I stared into her beady eyes. Icy blue, dead. The look betrayed her deep disappointment with my war injury. Did she think the injury somehow made me less of a man for not being able to love a woman as God intended?


But I was a man, goddamnit all, and I will always be a man. I would prove that to her. For although a man may not always perform as a man, he is still a man, and will always be a man. A man's man and a woman's man.

“I am a war veteran, Clara,” I told her. “Yet our guide is giving me advice on handling a weapon? Ha! That will be the day.”

I unscrewed my flask and took a stiff bracer. Had someone watered down my whiskey? It had lost its burn. “My rifle is an extension of myself, Clara. My gun is me, and I am my gun. We are one.”

“Charles, please lower your voice," she said. "You are shouting. You’ll frighten the animals.”


I wanted to tell her I would not have to raise my voice if she would listen to me instead of bickering about my drinking. Men drink. I drink. It was what real men did. Often, we drink. I took a healthy slug. A good and fine swallow. Righteous and strong.


“My voice is quiet, Clara,” I said. I turned to Willis. “Come take us on our safari hike. We hired you to be our guide. Earn the handsome sum I have paid you and lead the way.”


Willis slung the elephant rifle over his shoulder.

“As you like, Mr. Samuels,” he said. “Follow me.”


Thus began our journey. I grabbed my rifle and drank in celebration. I toasted our good fortune to hike on such a fine day.

My first flask was now empty.

I had another flask, a larger flask, in my hip pocket. It was my backup flask.

A man must plan for circumstances or suffer the consequences.


Willis led us into the forbidding jungle. Clara clutched my arm, frightened, alarmed by every sound.


"It is only the animals, my dear," I said. "Wild animals making wild animal noises. That is what wild animals do. Have a drink and relax."

She refused a tug on my fresh flask. I shrugged and drank. The whiskey was good. Welcoming, mellow, and warm. Comforting.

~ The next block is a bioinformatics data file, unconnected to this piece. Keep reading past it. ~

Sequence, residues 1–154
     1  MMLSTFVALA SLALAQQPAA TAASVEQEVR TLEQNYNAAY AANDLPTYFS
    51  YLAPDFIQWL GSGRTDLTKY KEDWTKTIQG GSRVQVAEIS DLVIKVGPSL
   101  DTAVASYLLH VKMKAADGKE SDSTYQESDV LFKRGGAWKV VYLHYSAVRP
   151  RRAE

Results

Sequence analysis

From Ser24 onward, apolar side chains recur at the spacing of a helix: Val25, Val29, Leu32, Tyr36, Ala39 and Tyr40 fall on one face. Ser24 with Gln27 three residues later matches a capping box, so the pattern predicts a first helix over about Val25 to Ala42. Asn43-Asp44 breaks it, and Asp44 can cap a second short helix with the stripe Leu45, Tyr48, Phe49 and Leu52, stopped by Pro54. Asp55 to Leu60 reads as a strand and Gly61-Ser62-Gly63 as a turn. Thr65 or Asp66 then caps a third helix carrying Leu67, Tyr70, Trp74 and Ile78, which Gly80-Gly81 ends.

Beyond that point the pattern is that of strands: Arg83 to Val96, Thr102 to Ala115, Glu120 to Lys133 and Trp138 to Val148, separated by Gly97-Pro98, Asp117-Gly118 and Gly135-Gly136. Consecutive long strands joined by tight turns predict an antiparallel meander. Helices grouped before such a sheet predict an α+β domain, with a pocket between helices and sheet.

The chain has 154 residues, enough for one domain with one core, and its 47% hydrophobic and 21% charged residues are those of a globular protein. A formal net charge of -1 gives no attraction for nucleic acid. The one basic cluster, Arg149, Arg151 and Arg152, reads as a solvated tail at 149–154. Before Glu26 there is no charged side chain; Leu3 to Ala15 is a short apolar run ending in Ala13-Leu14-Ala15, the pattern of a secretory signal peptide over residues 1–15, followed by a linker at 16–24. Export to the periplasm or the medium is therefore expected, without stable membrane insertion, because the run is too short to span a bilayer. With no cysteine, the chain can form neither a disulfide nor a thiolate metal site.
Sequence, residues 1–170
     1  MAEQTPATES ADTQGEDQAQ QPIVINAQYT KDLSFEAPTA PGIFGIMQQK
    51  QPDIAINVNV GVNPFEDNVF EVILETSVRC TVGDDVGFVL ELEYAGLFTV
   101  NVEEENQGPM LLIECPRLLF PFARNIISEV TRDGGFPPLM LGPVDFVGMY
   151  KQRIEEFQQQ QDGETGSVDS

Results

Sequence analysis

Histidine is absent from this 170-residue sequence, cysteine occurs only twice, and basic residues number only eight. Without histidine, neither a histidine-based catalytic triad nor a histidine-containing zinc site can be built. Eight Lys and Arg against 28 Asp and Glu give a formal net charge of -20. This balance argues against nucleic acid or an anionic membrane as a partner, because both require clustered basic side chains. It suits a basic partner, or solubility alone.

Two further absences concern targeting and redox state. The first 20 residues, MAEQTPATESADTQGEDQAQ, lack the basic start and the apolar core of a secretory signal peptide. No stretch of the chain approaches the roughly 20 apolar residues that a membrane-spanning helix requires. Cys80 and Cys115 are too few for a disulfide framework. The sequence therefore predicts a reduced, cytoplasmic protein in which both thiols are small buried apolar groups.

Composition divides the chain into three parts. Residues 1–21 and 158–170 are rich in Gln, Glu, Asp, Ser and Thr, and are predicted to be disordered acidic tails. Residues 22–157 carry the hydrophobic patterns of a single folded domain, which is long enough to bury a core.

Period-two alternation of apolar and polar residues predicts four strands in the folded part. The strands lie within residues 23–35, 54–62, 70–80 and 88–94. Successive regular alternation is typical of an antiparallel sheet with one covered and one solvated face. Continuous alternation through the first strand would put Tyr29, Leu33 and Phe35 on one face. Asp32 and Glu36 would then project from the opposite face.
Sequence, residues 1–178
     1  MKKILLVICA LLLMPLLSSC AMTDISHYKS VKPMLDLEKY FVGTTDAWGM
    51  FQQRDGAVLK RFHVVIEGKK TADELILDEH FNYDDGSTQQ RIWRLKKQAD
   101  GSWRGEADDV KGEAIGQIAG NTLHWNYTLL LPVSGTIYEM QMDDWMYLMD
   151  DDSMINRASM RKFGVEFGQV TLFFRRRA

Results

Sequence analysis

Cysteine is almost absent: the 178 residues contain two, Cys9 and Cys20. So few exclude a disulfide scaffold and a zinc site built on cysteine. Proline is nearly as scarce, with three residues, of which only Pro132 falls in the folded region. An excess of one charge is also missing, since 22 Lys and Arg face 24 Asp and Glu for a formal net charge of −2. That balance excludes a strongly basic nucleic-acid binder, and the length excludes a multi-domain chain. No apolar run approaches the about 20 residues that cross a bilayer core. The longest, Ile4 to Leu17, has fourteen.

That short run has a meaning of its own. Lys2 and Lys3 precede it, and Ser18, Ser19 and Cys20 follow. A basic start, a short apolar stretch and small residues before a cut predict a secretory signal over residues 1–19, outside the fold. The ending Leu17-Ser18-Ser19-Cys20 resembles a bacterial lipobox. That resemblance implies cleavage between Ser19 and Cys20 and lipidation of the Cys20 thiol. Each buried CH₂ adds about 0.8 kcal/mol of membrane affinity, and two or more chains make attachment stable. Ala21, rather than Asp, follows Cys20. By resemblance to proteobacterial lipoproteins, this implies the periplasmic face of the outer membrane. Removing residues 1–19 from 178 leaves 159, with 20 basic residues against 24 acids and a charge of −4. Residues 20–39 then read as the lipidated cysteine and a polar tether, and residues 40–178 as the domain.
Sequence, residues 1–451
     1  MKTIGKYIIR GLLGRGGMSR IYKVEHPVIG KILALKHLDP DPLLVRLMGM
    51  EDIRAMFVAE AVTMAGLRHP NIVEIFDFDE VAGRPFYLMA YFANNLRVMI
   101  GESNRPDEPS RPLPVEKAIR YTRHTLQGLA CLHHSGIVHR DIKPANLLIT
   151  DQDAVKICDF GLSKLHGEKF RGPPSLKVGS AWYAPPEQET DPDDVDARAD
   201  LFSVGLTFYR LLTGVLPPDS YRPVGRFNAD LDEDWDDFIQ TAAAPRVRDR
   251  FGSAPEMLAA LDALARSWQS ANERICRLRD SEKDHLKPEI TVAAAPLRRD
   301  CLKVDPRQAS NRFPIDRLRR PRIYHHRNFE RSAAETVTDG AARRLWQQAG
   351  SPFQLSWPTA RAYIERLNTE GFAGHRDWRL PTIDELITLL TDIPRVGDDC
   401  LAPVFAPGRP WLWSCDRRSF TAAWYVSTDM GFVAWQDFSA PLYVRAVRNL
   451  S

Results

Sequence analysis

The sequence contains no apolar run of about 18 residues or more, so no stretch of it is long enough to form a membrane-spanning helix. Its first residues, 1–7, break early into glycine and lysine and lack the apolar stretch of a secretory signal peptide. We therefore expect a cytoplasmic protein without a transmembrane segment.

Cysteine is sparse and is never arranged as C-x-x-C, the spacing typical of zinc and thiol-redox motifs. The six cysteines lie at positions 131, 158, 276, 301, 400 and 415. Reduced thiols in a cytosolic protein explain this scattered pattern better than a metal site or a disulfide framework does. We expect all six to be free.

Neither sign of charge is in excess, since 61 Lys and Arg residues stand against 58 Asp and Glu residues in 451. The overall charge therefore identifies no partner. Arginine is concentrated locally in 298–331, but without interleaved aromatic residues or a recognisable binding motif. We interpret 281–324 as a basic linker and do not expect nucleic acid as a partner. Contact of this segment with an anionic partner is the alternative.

Willis walked ahead, his pith helmet bobbing like a buoy on the waves. The guide no doubt thought himself high and mighty. King of this jungle. Better than me. Did he believe he was more of a man? Did he think he could please my wife better than I?


I was not impressed. I had been in war. Had Willis been to war? I had heard he had many war medals but I had my doubts. He was a man filled with fear, not a man suited for war.


We hiked a good distance—Willis, followed by Clara, then me. The exercise parched me, so I nipped at my flask. The liquid nourishment refreshed. I was no longer thirsty until I was again and drank some more.



I remembered my war days. The many times tested as a soldier and a man. I had survived the war, while many had not. They were good men, fallen comrades in arms. We were all part of God’s grand lottery, and some had lost. I drank to their memory and celebrated their honor.


A rustling in the bushes ahead snapped me back to attention. I drew my rifle

to my eye and blasted a shot in the direction of the noise. A loud thump sounded. Clara screamed a woman’s cry, piercing the sky.


“What is it?” I asked, coming to her. “What is wrong, Clara?”

“It’s Willis,” she said, pointing down. “You have shot him. You have shot Willis, Charles.”

I looked at Willis, lying on the ground. He looked peaceful and did not move. I poked him with the barrel of my rifle.


“Willis, come now, wake up, old boy,” I said. His flesh accepted the nudge of my metal with no fight. “It appears he is dead, Clara,” I said, taking another drink and wiping my mouth with the back of my hand. “Damn shame about Willis. Damn shame.”


There was blood on his chest oozing on to the tan shirt. “A heart attack, no doubt,” I said. “His heart must have exploded. I suspect from fear of wild

animals.”


Clara wept. A woman’s sobbing. Heaving, wet, remorseful. I offered her my flask, a safe harbor of relief, but she refused.

I shrugged and nodded and drank. Our safari hike had ended. Willis was not the brave guide I thought he would be. Willis was not a man.


Despite his cowardice, I toasted his memory, and the whiskey was good. Very good.




© 2021 PD Scullin